Reporting Findings and Conclusions

At the conclusion of the investigation, a report (either oral or written) of the findings and conclusions is expected. A young lawyer may be tasked with formulating a first draft of any tentative findings that outline the final report. The report should detail the work of counsel, its legal conclusions, and its legal advice.

If the client, such as the audit committee, intends to provide a report of the investigation to another recipient, such as the full board, the client should prepare a report setting out its findings and conclusions, but the client's report should not include a detailed recitation of facts or counsel's legal advice. This allows the client to maintain attorney-client privilege and work product protection.

Conclusion

Conducting an internal investigation can be a complex matter, fraught with pitfalls for the inexperienced practitioner. When a corporation is confronted with evidence or allegations of potential wrongdoing, conducting an effective corporate investigation, protected by the attorneyclient privilege, can mitigate potential risks. A young lawyer can play an important role in such investigations by understanding the intricacies of attorney-client privilege and work product protections, coordinating document collection and reviews; leading preparations for witness interviews; taking reliable interview notes; drafting concise and accurate interview memoranda; formulating tentative findings; and drafting written reports or oral presentation outlines. Overall, thoughtful, proactive preparations will reduce mistakes, ensure important investigatory standards are met, and help evidence the corporation's efforts to identify and resolve any actual or perceived compliance issues.

Originally published in Trial Advocate Lawyer, Winter 2018 (Volume 37, No. 1). ©2018 The Florida Defense Lawyers Association. Reprinted with Permission.

The content of this article is intended to provide a general guide to the subject matter. Specialist advice should be sought about your specific circumstances.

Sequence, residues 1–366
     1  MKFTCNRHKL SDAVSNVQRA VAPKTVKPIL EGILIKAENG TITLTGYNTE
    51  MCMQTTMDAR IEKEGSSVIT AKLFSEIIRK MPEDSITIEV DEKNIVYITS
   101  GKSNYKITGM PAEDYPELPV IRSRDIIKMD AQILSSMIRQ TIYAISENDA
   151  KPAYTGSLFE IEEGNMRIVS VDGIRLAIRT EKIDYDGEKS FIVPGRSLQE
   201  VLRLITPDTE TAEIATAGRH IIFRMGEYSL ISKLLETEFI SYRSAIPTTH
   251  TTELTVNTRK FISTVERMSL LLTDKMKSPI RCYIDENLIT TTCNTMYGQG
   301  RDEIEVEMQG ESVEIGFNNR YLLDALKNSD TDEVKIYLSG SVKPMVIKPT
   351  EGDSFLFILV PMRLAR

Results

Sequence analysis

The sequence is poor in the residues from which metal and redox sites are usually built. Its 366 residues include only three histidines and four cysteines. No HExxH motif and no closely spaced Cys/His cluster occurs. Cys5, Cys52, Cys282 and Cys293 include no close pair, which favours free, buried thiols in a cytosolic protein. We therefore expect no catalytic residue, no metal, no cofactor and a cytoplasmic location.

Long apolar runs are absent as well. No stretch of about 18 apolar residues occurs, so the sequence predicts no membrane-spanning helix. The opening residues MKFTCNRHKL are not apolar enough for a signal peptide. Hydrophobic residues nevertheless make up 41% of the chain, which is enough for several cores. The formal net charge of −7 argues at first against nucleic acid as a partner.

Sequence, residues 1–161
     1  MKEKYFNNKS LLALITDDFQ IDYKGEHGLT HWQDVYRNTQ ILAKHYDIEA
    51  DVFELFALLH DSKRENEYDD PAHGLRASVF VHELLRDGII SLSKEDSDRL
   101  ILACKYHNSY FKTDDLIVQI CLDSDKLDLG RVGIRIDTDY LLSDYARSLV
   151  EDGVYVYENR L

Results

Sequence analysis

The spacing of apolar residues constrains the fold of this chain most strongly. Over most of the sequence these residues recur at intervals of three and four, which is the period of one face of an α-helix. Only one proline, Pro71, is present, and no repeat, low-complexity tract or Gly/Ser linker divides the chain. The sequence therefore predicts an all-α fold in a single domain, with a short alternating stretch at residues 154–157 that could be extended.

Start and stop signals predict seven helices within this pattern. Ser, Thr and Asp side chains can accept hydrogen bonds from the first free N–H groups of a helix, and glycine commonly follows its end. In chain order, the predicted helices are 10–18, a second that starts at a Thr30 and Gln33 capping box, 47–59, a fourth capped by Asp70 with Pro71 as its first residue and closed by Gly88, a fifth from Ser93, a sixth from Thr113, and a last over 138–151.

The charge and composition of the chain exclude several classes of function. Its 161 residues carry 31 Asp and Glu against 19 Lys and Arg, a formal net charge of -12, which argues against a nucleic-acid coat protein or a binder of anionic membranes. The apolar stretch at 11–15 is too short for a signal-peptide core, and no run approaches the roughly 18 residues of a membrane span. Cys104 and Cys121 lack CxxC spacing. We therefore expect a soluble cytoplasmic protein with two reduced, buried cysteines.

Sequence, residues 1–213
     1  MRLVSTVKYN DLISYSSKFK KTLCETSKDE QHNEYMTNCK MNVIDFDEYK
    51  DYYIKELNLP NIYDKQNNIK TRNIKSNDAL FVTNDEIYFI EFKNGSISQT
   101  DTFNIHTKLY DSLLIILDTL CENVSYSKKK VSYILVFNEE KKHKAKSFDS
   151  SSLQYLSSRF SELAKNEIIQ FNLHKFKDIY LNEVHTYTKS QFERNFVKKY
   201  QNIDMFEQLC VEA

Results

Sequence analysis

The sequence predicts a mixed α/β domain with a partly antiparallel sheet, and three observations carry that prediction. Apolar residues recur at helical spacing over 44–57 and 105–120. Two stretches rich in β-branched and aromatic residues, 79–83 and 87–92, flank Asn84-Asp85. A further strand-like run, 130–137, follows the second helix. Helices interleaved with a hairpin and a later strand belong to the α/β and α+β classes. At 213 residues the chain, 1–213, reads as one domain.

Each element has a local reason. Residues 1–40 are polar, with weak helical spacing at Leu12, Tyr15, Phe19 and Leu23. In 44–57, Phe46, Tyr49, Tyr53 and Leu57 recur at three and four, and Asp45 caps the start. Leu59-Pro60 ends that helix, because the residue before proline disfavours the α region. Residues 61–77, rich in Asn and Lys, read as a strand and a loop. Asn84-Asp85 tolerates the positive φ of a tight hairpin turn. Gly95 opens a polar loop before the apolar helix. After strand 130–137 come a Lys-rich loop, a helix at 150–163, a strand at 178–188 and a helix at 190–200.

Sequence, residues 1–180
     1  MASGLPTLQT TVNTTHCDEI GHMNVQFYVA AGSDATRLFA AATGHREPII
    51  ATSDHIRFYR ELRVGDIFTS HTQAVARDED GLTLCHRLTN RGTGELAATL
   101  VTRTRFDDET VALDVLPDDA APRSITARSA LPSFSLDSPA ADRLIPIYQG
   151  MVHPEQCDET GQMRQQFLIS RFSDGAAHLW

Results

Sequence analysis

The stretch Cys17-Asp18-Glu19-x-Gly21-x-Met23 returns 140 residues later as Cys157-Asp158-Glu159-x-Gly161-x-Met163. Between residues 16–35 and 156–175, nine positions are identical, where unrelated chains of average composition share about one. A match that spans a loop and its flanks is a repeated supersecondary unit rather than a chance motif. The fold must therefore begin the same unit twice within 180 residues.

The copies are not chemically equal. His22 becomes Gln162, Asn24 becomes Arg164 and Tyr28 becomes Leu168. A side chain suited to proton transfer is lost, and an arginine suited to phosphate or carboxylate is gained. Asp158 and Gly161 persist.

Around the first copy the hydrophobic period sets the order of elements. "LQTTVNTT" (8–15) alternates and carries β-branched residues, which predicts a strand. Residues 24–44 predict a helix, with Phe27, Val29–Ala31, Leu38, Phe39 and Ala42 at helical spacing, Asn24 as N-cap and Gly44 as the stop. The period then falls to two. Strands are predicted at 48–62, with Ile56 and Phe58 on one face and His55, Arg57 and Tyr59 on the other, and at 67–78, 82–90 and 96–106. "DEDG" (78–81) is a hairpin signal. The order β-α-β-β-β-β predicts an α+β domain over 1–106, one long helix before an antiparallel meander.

To print this article, all you need is to be registered on Mondaq.com.

Click to Login as an existing user or Register so you can print this article.

Authors
 
In association with
Related Topics
 
Related Articles
 
Related Video
Up-coming Events Search
Tools
Print
Font Size:
Translation
Channels
Mondaq on Twitter
 
Register for Access and our Free Biweekly Alert for
This service is completely free. Access 250,000 archived articles from 100+ countries and get a personalised email twice a week covering developments (and yes, our lawyers like to think you’ve read our Disclaimer).
 
Email Address
Company Name
Password
Confirm Password
Position
Mondaq Topics -- Select your Interests
 Accounting
 Anti-trust
 Commercial
 Compliance
 Consumer
 Criminal
 Employment
 Energy
 Environment
 Family
 Finance
 Government
 Healthcare
 Immigration
 Insolvency
 Insurance
 International
 IP
 Law Performance
 Law Practice
 Litigation
 Media & IT
 Privacy
 Real Estate
 Strategy
 Tax
 Technology
 Transport
 Wealth Mgt
Regions
Africa
Asia
Asia Pacific
Australasia
Canada
Caribbean
Europe
European Union
Latin America
Middle East
U.K.
United States
Worldwide Updates
Registration (you must scroll down to set your data preferences)